High-income Chinese Americans and non-Chinese American high-income individuals share similar behaviors with respect to philanthropic giving, a survey from CTBC Bank finds.
According to the third annual CTBC Bank Survey: Philanthropy and Business (24 pages, PDF), Americans favor philanthropic organizations that are connected to children and education, with nearly 70 percent of American households with incomes of at least $250,000 putting greater emphasis on nonprofits that support K-12 education than those focused on more senior age groups and 68 percent of high-income Americans in general and 71 percent of high-income Chinese Americans sharing that proclivity. The report also found that children's and educational nonprofits are regarded as more important for social development by just under half the survey respondents (47 percent and 46 percent, respectively), and by 45 percent of high-income Chinese Americans and 44 percent of high-income Americans in general. High-income Chinese Americans (41 percent) and high-income Americans in general (33 percent) also were more likely to support healthcare charities over disaster and humanitarian relief, environmental, animal welfare, economic development, and arts groups.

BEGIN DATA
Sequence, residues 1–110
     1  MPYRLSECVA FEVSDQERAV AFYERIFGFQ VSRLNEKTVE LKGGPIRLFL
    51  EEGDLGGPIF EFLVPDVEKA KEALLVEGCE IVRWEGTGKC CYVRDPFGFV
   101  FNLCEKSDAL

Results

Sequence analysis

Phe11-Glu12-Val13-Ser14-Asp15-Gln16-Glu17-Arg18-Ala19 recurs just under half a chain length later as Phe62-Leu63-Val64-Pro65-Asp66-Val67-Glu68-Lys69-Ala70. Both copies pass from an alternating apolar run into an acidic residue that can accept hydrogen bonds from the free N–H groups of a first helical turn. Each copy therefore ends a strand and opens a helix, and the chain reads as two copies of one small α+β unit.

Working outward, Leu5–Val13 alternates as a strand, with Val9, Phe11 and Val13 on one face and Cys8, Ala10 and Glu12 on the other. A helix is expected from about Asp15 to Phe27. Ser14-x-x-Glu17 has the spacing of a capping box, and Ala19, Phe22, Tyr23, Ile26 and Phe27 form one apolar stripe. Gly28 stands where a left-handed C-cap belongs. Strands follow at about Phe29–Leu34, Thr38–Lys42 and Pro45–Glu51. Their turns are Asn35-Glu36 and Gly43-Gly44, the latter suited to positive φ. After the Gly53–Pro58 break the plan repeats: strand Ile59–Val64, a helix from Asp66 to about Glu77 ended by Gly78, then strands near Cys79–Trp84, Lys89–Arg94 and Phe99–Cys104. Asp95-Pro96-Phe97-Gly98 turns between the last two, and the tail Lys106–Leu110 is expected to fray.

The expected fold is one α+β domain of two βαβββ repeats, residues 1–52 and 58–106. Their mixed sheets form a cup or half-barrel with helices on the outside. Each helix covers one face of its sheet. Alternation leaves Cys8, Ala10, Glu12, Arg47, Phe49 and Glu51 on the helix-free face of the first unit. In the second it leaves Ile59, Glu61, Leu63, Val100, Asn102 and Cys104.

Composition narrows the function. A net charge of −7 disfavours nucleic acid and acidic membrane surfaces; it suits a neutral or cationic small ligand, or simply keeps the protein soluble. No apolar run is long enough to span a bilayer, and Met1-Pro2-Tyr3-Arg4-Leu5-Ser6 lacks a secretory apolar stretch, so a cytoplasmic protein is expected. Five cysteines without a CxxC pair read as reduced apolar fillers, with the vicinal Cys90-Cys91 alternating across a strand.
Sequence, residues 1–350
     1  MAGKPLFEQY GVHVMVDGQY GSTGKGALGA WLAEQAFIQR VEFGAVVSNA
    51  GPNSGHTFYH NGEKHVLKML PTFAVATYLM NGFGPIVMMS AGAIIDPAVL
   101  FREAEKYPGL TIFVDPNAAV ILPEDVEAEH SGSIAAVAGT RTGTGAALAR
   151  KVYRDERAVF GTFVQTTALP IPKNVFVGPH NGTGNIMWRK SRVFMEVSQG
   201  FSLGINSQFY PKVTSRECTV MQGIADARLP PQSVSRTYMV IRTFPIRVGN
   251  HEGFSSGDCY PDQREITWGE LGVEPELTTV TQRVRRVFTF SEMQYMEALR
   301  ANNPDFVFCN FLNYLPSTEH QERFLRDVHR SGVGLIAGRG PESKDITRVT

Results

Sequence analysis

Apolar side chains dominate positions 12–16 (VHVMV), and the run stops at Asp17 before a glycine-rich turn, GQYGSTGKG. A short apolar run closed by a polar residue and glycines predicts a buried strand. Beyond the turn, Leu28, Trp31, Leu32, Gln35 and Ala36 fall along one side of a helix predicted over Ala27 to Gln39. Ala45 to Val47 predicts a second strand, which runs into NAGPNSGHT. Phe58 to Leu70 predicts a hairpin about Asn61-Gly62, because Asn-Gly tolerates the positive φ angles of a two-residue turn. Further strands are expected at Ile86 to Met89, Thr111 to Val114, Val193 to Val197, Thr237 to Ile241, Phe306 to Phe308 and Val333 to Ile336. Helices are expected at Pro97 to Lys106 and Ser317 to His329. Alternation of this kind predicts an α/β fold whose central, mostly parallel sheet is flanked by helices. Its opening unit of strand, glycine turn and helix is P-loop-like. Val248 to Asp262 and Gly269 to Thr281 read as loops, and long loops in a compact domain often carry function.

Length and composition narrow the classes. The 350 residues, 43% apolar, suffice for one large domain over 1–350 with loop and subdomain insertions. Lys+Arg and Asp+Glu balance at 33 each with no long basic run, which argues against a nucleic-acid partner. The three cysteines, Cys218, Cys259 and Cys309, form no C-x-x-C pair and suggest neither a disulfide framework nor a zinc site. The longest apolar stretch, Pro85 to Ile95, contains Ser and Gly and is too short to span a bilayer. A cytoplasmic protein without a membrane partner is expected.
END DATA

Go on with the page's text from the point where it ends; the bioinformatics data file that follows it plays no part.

"One reason education and health care are favored for giving could be that they are highly regulated, for the most part they have good reputations, and are generally accountable," said Clayton Dube, director of the U.S.C. US-China Institute. "They want to see where their money goes. In a sense, investment in education, particularly early childhood education, is an investment in the future, but in another sense, many of those who give to these institutions see the return almost immediately in the form of new equipment for a lab, a library, or a debate team's trip."
"We were pleasantly surprised to find there is very little difference between the attitudes and behaviors of Chinese American and [the overall] population," said Noor Menai, president and CEO of CTBC Bank USA. "In a time when we are often reminded of that which divides us as Americans, we hope this study helps to underscore how similar we are and remind us that we are all working toward an America that is greater and more successful than ever."